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WildAid and Josh Duhamel Urge U.S. Travelers Not to Buy Endangered Wildlife Products

Hollywood actor Josh Duhamel is starring in a new WildAid awareness campaign releasing on World Sea Turtle Day. Trade in illicit products made from wildlife threatens many species worldwide. Whether ivory carvings and trinkets, coral jewelry or tortoiseshell accessories, travelers buying these products often unknowingly contribute to the illegal killing of animals.

The campaign, a joint effort of WildAid, the U.S. Fish and Wildlife Service, and the U.S. Wildlife Trafficking Alliance, will appear on broadcast television stations nationwide, as well as in major international transit hubs like airports and cruise ship terminals in collaboration with the travel and tourism industries.

WildAid CEO Peter Knights Honored

Wildlife champion Peter Knights has been honored with a Bay Area Jefferson Award for public service. A segment featuring Knights and fellow shark advocate Julie Packard of the Monterey Bay Aquarium aired on KPIX Channel 5 News.

The U.S. Illegal Wildlife Trade: More than Ivory and Rhino Horn

African grey parrots, confiscated in the illegal pet trade

Four out of five Americans consider themselves to be wildlife lovers — hardly surprising, given how many millions of views the average cute animal video racks up. Yet only a small percentage of the public — less than 20 percent — knows anything about the illegal wildlife trade flourishing in the United States, according to a recent public opinion poll commissioned by WildAid.

Is the Illegal Wildlife Trade a U.S. Problem?

WildAid CEO Peter Knights speaks at one of two launch events of WildAid's U.S. campaign with U.S. Fish and Wildlife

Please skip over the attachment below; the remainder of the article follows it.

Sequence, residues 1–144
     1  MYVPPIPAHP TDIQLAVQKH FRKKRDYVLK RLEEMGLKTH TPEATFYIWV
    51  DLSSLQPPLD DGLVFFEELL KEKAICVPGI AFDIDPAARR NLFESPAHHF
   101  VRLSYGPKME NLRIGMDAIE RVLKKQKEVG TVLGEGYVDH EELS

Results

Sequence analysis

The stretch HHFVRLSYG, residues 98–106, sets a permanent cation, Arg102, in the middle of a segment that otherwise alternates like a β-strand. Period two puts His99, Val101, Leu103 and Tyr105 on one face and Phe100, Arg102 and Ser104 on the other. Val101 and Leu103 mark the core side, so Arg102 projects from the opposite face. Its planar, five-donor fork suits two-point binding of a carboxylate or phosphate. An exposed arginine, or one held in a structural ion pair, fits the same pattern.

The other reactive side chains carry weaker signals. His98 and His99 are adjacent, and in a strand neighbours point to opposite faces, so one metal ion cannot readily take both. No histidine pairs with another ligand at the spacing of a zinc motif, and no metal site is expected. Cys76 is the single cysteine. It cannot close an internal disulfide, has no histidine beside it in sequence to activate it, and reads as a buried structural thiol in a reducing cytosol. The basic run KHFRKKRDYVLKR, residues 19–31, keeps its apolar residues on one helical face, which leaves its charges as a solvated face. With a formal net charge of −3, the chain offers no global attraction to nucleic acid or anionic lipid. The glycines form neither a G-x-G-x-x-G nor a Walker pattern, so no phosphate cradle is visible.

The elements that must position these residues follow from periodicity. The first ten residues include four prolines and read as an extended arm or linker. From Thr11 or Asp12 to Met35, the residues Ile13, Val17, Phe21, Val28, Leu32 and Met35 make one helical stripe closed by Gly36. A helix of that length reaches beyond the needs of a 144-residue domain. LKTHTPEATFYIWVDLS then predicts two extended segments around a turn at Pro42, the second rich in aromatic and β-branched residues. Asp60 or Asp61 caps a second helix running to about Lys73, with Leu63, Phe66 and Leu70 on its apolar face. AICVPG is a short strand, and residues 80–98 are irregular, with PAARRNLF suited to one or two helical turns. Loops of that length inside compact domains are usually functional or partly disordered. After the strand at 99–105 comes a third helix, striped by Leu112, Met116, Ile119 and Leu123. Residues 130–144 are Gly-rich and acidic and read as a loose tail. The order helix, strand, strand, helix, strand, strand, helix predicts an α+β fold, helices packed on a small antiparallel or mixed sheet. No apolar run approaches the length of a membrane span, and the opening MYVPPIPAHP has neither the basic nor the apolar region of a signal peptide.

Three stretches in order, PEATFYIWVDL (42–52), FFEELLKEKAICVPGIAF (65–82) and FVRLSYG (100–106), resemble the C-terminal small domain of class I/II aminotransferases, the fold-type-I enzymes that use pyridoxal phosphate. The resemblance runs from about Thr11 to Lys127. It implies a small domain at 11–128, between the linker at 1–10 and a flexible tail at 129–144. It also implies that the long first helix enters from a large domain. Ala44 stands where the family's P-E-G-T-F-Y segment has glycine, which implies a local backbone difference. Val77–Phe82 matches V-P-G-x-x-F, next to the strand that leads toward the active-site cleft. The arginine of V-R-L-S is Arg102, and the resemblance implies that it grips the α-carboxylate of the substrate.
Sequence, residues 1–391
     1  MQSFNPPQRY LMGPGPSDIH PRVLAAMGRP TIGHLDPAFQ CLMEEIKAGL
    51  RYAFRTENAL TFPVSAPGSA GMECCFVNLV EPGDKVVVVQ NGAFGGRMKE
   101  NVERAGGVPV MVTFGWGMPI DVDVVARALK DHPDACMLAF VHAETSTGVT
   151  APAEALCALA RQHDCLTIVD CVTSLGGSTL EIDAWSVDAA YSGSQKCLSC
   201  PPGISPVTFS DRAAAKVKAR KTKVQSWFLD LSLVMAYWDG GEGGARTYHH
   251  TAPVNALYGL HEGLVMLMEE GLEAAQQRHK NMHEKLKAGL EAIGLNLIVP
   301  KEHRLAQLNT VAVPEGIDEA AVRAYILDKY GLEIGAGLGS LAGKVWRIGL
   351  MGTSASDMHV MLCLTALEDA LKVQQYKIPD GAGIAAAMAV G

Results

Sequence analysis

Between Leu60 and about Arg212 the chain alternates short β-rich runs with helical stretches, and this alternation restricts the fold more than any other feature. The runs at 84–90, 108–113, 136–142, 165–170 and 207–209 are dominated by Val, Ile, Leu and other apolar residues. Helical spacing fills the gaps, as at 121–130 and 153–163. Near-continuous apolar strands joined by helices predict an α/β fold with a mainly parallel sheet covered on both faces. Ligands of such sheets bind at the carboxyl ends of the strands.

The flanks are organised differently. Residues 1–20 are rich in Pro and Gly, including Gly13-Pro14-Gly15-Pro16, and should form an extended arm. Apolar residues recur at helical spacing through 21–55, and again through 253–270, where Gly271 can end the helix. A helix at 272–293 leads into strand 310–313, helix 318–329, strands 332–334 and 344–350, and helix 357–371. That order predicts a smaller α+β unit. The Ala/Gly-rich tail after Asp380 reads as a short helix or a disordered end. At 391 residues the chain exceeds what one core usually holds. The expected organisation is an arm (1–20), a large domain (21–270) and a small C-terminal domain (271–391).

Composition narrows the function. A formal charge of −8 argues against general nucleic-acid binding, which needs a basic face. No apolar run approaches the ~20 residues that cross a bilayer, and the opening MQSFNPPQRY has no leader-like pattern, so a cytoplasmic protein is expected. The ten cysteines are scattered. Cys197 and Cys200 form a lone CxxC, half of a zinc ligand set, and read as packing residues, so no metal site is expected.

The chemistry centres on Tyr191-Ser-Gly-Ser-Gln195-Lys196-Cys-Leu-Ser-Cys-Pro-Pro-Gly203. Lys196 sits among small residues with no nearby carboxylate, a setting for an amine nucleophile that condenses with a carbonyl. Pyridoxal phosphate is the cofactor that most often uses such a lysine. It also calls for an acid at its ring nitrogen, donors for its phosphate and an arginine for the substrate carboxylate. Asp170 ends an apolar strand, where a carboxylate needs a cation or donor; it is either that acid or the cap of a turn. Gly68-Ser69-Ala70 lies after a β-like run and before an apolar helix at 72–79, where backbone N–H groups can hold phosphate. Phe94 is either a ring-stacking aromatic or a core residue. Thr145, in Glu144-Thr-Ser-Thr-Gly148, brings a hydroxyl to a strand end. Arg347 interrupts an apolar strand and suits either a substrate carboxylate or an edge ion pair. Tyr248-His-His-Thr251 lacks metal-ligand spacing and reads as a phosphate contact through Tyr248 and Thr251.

Following the release of a new survey showing shocking declines in African elephant numbers, WildAid and the U.S. Fish and Wildlife Service have launched #StopWildlifeTrafficking, a nationwide public awareness campaign against the illegal wildlife trade in support of the White House National Strategy to Combat Wildlife Trafficking.

International wildlife trafficking is worth an estimated $10-20 billion per year annually, making it one of the world’s largest illicit trades after illegal drugs, arms and human trafficking. The United States is a chief consumer of wildlife products (both legal and illegal), but a recent poll commissioned by WildAid found 80 percent of Americans know little or nothing about illegal wildlife trade within the United States. As a result, travelers often are unaware that products they bring into the United States are prohibited.

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Success! U.S. Effectively Bans Ivory Trade

WASHINGTON (June 2, 2016) — In a bold effort to save Africa’s elephants, the Obama Administration has released strong, clear rules aimed at effectively shutting down the U.S. ivory market, one of the world’s largest.

Released Thursday, the final Endangered Species Act special rule for the African elephant substantially limits imports, exports and sales of African elephant ivory across state lines, while carving limited exceptions for certain pre-existing manufactured items, such as musical instruments, furniture pieces and firearms that contain less than 200 grams of ivory. The rule was finalized after a lengthy review period that drew 1.3 million public comments overwhelmingly in favor of protecting elephants.

The new rules issued Thursday by U.S. Fish and Wildlife Service follow landmark commitments made last fall by President Barack Obama and Chinese President Xi Jinping to abolish the domestic ivory markets in their respective nations. Hong Kong officials announced in January their intentions to do the same, followed by France, which announced a ban on the ivory trade soon after the historic ivory burn ceremony in Kenya on April 30.

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